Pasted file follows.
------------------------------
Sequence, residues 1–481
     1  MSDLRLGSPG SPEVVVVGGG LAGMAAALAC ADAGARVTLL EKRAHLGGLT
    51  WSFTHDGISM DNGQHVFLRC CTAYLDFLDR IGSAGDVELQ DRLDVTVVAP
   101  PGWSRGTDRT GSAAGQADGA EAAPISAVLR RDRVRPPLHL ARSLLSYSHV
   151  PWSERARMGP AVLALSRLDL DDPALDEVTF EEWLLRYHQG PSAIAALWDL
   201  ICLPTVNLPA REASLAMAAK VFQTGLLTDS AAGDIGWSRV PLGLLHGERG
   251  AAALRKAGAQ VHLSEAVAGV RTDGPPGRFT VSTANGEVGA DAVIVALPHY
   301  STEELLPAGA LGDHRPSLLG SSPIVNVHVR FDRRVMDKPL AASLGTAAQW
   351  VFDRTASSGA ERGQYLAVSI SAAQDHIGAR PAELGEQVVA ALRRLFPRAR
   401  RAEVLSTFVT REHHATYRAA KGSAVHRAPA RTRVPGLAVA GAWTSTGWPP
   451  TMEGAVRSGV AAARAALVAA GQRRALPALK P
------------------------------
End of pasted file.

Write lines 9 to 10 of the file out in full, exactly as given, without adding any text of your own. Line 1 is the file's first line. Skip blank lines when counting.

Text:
   351  VFDRTASSGA ERGQYLAVSI SAAQDHIGAR PAELGEQVVA ALRRLFPRAR
   401  RAEVLSTFVT REHHATYRAA KGSAVHRAPA RTRVPGLAVA GAWTSTGWPP